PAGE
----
Thursday, August 30, 2012

Leaving on a Jet Plane


     We have a departure date.  The fine folks at British Air, after being provided with sufficient remuneration, have agreed to fly us to Nairobi, Kenya.  They have even agreed to let us spend a few hours in the lovely international terminal of Heathrow Airport free of charge.  So, on October 2, we will depart from Dulles Airport at 6:30 pm, arrive at Heathrow at 6:30 am, depart Heathrow around 10:30 am, and finally land in Nairobi around 9:00 pm on October 3.

     Now that we have our departure date, I am reminded of the recurring cycle that always occurred during college.  I would spend most of the summer looking forward to returning to campus, and  I would arrive on campus to enjoy the bucolic splendor that is Hampden-Sydney.  During this period I was carefree and the world was a wonderful, leisurely place.  Then I would go home for Thanksgiving, and it was upon my return that the sense of dread would descend.  As I drove through the gates of this campus that just 72 hours before had been a sanctuary of peace and contentment, I realized that in just a few short weeks exams would be upon me.  I could think of nothing but the papers that had to be written, the books that had to be read, and the questions which must be answered - sometimes correctly, in order to get through the semester.  (Caveat: This analogy in no way pertains to Joy, or those of her remarkable ilk, who began preparing for the end of the semester on the second day of the semester).

     Today, I feel like exams are approaching, and I will be pulling many all nighters to get to October 2.  Just as one tends to spend a few minutes on the eve of exams wondering where the carefree days of fall went, I have spent some time thinking back to my early days in law.  Today, I tried my last case in the John Marshall Courts Building.  As a young man, it was my success or failure in this building which was the standard by which I judged myself.  I still remember the afternoon I successfully argued a Motion to Suppress before Judge Duling.  Upon returning to the office that afternoon, I declared that I had “arrived” as an attorney.  In hindsight, I realize that the motion was won, not on account of my brilliant legal argument (for I missed the key issue entirely) but because Judge Duling saw the real defect in the Commonwealth’s case.  In essence, my contribution to the case was just getting it on the docket and showing up on time.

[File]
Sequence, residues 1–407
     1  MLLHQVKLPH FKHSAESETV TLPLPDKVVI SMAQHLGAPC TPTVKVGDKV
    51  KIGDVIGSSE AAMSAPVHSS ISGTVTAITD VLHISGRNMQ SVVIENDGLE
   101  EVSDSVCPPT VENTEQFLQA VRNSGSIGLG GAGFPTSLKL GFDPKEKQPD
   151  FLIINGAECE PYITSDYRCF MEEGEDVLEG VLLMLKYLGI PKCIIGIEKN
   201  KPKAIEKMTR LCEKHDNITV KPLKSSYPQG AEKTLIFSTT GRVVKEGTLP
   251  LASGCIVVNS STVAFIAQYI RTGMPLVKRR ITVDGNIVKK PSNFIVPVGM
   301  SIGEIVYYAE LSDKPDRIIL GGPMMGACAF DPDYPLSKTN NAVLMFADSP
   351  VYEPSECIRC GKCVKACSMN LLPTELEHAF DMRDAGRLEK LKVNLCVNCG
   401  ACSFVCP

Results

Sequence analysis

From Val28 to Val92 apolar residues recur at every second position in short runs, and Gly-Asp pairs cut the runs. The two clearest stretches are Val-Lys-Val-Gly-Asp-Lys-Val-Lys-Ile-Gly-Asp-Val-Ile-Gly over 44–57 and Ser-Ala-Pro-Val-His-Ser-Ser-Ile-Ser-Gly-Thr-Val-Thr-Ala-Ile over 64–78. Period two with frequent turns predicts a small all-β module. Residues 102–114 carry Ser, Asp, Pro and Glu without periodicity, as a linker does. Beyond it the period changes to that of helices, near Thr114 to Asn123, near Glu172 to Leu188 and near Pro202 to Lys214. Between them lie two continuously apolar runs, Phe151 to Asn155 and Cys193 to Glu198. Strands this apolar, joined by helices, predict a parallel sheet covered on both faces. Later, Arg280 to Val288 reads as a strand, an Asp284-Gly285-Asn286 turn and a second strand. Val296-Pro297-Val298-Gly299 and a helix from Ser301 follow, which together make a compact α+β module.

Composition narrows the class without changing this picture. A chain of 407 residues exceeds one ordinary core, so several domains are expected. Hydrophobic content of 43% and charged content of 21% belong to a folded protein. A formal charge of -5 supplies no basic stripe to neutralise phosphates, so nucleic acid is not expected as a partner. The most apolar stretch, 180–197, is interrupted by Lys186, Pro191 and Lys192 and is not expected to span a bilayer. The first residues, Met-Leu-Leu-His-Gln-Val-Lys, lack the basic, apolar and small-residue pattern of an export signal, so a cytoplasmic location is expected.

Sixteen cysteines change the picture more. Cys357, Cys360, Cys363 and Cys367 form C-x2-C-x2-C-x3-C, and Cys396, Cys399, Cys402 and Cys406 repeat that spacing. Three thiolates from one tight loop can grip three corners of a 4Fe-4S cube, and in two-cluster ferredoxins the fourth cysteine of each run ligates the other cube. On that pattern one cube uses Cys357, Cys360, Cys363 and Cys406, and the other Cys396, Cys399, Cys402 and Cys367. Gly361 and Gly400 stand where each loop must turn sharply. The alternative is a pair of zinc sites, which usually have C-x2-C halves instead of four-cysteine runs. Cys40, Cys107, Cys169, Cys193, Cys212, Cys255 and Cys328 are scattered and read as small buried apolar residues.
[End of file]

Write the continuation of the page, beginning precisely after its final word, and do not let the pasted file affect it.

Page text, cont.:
As we are just about a month away from leaving for Kenya, that memory gives me great hope. It reassures me that at this point, all I really need to do is get on the plane.  God will do the rest. Just like those early days practicing law, if left to my own devices I’m likely to miss the issue entirely. 

     As we prepare to leave, Joy and I would ask for your prayers that we remain strong as we finish packing up our home and saying farewell to our friends and family.  While we know that the excitement of arrival will be soon be upon us, we must not let the fear of departure paralyze us. Also, we are thankful for the support, through prayer, donations and positive affirmation, which we have received.  Joy and I truly feel that we are being sent to Tenwek Hospital by our friends, old and new, who share this call to help the women and children of Kenya.

      Joy and I have been privileged to meet with many people throughout the summer and share our hopes for this ministry in Africa.  We have been amazed at the power of the Lord as reflected in so many lives. I was thinking about a family who has experienced a terrible loss. When we met with them, I was able to hear the sorrow in their voices when certain subjects were discussed.  However, what I also heard and saw was a deep and abiding faith in the mercy of Jesus Christ.  Please pray that Joy and I can have that same presence in our lives.  Our friends know that Jesus is with them as they struggle with their loss each day. Spending time with them gave me great reassurance that this same God is with us too--right now in the packing and leaving, and on the plane as we go, and is waiting for us in the place where he has called us.